Okja (2017)


Cinema can change hearts and minds. This is something that is imperative to understand – cinema isn’t only there to entertain, it is also there to occasionally show us something that will make us change our thinking, if not our entire lifestyle. When I started watching Okja, I wasn’t expecting to see one of the most moving films of recent years, a film that made me want to change quite a bit about myself and help contribute to the world in some way. But I am getting ahead of myself, because, above its message and meaning, Okja is a brilliant and incredibly fun film, albeit one with some moments that truly serve to shock. Bong Joon-ho holds nothing back in his latest film, and it is certainly why he is amongst the best working directors today.

South Korean cinema has given some truly extraordinary filmmakers the opportunity to have their visions realized. Perhaps the most exciting individual working in South Korean today is Bong Joon-ho. Not only did he make the absolutely superb Snowpiercer, his films Barkings Dogs Never Bite and Memories of Murder are absolute masterpieces (the latter is due for a rewatch, something I can easily do every month, but have been meaning to do for about two years now). Snowpiercer was such a monumental hit – with critics and audiences alike – it only makes sense that Bong would be able to go even bigger, and bigger he did go with Okja, a film that may not reach the philosophical highs of his previous films, but remains undeniably wonderful in every way.

Okja is about the sinister Mirando Corporation, and their CEO, Lucy Mirando (Tilda Swinton) plans to promote a new brand of “super-pig” by distributing 26 “super-piglets” to various locations around the world, and after a decade, the “best” of these creatures will be brought to New York City for a major celebration – and it turns out to be the titular Okja. Little does the general public know, these endearing creatures are actually being bred for their meat, because the idea of genetically-modified foods is actually very repulsive, and like any capitalist organization, Mirando is just concerned with the almighty dollar. However, little does she (or any of her cronies, such as eccentric zoologist Dr. Johnny Wilcox, played by Jake Gyllenhaal) know, they have to face Mija (Ahn Seo-hyun), Okja’s friend, a 14-year-old Korean farm-girl who is anything if not tenacious. With the help of renegade animal rights group the Animal Liberation Front, Mija takes on the challenge of retrieving her beloved Okja from the fell clutches of capitalism. What results is a contemporary fantasy adventure film that is eerily pertinent to our current social, economic and social climate.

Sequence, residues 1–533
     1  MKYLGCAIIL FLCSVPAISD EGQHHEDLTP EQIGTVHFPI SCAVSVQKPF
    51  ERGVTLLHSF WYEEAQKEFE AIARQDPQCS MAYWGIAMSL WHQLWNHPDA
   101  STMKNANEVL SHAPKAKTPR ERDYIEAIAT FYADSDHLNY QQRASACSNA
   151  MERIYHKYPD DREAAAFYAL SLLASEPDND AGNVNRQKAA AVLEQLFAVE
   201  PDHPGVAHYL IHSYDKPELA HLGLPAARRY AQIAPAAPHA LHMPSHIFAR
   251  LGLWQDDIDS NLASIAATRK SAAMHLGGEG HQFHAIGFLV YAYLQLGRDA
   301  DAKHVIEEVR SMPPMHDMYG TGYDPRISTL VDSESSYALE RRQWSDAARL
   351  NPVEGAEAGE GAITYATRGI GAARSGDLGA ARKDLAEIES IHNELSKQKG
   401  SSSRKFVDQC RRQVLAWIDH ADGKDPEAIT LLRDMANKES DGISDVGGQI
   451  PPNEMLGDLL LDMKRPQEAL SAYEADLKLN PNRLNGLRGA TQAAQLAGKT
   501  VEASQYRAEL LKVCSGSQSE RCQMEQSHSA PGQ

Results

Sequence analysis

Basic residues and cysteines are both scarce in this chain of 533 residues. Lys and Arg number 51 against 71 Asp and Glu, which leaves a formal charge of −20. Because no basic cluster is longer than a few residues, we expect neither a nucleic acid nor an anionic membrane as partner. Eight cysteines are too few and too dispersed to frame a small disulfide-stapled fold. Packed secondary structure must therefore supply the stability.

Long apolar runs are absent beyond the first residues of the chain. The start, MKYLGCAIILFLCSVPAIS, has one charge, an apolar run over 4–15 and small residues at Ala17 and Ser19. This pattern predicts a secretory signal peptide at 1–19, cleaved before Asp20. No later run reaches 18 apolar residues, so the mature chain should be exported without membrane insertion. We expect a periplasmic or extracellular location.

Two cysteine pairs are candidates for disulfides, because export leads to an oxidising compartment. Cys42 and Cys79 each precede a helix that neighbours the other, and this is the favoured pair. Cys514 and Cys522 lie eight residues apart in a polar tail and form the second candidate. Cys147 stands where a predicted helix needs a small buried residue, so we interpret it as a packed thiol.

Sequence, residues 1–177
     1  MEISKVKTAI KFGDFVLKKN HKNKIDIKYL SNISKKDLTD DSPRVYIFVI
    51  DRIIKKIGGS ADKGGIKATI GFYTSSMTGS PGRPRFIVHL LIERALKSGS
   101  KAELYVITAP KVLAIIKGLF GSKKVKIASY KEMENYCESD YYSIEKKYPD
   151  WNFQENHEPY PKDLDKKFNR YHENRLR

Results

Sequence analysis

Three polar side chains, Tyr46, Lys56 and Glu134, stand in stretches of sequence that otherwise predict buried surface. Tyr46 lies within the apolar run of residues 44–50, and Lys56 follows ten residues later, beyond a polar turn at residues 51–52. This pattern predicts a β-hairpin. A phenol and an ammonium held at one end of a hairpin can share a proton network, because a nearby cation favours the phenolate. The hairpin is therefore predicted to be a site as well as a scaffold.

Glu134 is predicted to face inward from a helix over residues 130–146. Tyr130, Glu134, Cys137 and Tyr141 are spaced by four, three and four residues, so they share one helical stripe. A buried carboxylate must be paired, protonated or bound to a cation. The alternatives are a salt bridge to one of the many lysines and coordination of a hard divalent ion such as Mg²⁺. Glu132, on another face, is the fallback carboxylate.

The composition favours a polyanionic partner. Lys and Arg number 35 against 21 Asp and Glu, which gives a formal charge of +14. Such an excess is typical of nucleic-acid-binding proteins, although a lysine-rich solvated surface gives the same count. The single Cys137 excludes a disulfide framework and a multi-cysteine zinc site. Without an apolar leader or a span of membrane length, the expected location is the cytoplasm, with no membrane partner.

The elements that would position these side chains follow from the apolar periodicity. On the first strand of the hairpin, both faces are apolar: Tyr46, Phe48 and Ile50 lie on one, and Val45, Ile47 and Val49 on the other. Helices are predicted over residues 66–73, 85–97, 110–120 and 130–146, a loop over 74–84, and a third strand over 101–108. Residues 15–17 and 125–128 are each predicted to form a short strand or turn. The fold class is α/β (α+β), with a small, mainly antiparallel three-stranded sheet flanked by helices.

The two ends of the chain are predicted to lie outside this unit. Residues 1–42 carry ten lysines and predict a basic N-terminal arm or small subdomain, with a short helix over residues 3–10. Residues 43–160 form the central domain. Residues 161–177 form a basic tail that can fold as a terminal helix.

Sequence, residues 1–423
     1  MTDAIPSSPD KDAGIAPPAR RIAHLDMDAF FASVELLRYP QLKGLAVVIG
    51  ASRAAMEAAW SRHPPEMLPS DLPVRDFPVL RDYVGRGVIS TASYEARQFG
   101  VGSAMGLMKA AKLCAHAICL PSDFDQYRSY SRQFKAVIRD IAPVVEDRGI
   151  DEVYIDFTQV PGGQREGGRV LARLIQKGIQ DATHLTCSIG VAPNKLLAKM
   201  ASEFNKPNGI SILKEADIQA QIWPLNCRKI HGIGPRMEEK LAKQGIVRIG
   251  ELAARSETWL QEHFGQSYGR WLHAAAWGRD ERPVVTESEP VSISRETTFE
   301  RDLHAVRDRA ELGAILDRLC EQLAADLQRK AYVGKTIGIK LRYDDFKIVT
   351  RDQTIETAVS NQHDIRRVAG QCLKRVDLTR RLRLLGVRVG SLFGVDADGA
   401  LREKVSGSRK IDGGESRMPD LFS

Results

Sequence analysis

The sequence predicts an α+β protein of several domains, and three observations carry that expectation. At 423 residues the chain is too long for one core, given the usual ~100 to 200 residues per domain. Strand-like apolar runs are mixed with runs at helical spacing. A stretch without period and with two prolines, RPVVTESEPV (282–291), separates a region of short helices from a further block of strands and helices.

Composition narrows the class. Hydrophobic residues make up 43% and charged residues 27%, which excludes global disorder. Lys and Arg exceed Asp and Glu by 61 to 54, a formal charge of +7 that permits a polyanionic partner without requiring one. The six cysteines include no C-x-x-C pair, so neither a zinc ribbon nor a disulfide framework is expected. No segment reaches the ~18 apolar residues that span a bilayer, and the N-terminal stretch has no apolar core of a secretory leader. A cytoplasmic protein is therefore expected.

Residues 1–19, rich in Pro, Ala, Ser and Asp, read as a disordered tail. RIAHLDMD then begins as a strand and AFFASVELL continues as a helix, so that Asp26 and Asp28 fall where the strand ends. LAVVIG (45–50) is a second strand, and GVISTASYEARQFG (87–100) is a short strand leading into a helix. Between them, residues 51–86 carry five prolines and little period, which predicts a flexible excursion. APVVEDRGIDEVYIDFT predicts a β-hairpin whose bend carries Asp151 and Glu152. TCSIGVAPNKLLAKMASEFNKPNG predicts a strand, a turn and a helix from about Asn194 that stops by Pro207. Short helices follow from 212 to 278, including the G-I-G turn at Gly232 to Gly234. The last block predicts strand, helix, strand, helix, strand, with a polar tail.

In a film populated by well-known international performers, how is it possible that the real star of this film, and the best part of it, is Ahn Seo-hyun, a 13-year-old child actress without much acting experience other than some daytime soap operas? It is always a wonderful experience when you are introduced to a new but highly talented performer in a film such as this, especially when it is such a young individual as this. Ahn is a true revelation here, and she goes far beyond what I expected this performance to be – instead of simply looking adorable and following the story and allowing the more experienced actors to sell this film, Ahn herself takes on the challenge of telling this story through her incredible performance. Even more than her dedicated emotional range and the subtle nuances that define her performance, for quite a bit of Okja, Ahn was acting across from a CGI-rendered image, and considering some highly-esteemed actors have had trouble acting across from something that isn’t actually there, it is important to give those who succeed, like Ahn, the kudos and praise they deserve.